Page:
Situated on a small island at the southern entrance to the Lagoon of Venice, Chioggia is believed to have once been part of the Byzantine Empire and, like Pellestina, Chioggia is known for its lace-making. A miniature version of Venice, Chioggia has several medieval churches, many of which were rebuilt during the town’s golden age in the 16th and 17th centuries.
Until the 16th century, Cavanella d’Adige was known as “Fosson”, from an ancient branch of the Po River on whose riverbed the Adige would converge after the Rotto della Cucca. Porto Fussone today refers to a small district found at the mouth of the river. The Canale di Valle, which runs through the village, was once one of the paths of the medieval Romea road which united the two important Benedictine monasteries of the area – the Monastery of San Michele Arcangelo di Brondolo and the Monastery of San Giorgio di Fosson. During the Austrian occupation, the embankment of the Canale di Valle was the only road that led from Brondolo to the fortification of Cavanella d’Adige, two of the most important structures built by the Austrians to defend the region.
The first (or last) major town on the River Po before its estuary, Porto Viro was first created during the Fascist era but was subsequently dissolved. It was established anew in 1995 by the merger of the communes Donada and Contarina and serves as a regional riverine port before the River Po enters the Adriatic Sea.
The commune of Taglio di Po owes its name to the grandiose work of river engineering carried out by the Republic of Venice in the early 17th century, to preserve its lagoon from the landfill caused by enormous contributions of alluvial sediment the River Po discharges into the Adriatic. A cut was therefore deemed necessary to divert flood waters directly into the sea as opposed to into the lagoon itself. The project, which was first opposed by the neighbouring Dukes of Ferrara, and then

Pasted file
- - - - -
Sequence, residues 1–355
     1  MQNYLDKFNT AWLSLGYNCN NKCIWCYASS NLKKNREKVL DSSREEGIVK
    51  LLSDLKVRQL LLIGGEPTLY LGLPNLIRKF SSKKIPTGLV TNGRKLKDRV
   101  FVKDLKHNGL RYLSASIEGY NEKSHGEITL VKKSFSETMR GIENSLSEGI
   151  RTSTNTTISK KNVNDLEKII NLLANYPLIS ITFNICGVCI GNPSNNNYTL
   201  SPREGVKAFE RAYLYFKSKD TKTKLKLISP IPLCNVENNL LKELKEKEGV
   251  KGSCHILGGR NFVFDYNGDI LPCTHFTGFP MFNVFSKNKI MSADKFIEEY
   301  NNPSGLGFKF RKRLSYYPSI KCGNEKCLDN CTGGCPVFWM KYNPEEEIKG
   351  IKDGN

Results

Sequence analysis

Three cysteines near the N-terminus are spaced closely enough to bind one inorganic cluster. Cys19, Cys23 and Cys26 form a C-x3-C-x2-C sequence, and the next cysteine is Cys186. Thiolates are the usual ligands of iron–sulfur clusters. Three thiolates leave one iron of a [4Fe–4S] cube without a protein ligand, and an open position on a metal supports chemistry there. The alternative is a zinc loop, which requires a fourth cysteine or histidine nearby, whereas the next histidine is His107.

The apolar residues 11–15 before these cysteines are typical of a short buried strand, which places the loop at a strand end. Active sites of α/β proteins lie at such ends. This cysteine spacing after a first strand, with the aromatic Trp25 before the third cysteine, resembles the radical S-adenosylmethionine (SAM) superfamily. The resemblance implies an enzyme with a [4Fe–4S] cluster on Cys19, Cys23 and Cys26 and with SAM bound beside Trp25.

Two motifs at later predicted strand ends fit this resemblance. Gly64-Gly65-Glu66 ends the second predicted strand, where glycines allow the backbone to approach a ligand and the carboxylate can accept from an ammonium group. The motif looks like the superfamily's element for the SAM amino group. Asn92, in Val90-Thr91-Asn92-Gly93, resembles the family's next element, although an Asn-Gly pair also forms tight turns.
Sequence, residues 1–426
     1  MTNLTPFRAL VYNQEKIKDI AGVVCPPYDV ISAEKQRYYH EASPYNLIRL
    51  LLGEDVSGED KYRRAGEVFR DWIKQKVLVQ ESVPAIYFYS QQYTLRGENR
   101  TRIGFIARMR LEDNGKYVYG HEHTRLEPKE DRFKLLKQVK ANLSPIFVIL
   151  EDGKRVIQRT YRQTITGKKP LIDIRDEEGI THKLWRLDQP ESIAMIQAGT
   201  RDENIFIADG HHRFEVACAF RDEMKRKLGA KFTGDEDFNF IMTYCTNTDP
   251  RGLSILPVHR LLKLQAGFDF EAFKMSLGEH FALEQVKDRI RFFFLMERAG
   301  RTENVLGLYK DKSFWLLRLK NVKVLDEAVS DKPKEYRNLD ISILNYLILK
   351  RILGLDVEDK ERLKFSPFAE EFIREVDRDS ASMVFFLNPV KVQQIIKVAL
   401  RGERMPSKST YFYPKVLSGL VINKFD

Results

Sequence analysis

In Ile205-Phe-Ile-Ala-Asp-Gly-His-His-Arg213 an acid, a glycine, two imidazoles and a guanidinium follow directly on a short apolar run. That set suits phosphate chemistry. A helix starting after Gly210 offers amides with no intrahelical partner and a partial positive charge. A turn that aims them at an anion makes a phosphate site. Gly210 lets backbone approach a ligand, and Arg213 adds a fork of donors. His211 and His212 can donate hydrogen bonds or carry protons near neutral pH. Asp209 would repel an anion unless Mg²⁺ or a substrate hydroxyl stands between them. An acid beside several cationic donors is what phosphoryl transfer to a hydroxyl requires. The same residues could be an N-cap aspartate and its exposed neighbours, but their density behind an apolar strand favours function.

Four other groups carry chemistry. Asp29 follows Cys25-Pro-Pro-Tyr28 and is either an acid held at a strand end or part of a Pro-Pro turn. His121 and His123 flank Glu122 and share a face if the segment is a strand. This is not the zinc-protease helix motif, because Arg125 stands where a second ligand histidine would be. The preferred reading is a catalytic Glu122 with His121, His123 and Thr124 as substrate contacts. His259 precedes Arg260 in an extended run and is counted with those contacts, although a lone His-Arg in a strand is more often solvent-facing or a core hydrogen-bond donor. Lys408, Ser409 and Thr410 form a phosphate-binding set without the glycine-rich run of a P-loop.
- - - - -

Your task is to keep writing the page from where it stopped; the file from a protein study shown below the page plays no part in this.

by Pope Clement VII, was finished after nearly 150 years of negotiations. In 1797, with the fall of the Republic of Venice, the town was incorporated into the Province of Ferrara and, in 1798, the municipality was officially recognised with the name “Taglio di Po”.
In 1872, the parish church of San Francesco d’Assissi opened for worship, and in the following years an attempt was made to construct a bellower, but which remained uncompleted for a lack of funds. The bellower was eventually finished in 1969.
Perhaps the most outstanding buildings in the town, however, are the 18th century villas of Cà Borin and Cà Nani. The imposing 18th century villa of Tentuna Ca ’Zen, its outbuildings and adjacent period church was built by the will of the Zen family of Venetian nobles. The estate later belonged to Lord Byron’s lover, and the poet often stayed in the house. The property is today a Bed and Breakfast, and the setting for our Italian river cruise’s dinner ashore.
Situated between the mouths of the rivers Adige and Po, Adria lies on the remains of the Etruscan city of Atria which may have given its name to the Adriatic Sea, to which it was connected by canals. An ancient settlement of significant importance, Adria houses the former cathedral of Santa Maria Assunta della Tomba, which features a 7th or 8th century octagonal baptismal font.
A commune of the nearby town of Rovigo since 1927, Borsea is a small, mainly residential village built around the 18th century church of San Zenone.
The smallest town in the province of Rovigo, Bosaro is located in the centre of Polestine and lies between the Canalbiano to the north, the Fossa di Polesella to the west and Collettore Padano in the south. The town’s origins are found with the construction of the Canalbiano in the 15th century, to collect the waste water of the Tartaro and Veronese valley, and several of Bosaro’s oldest buildings date to this period.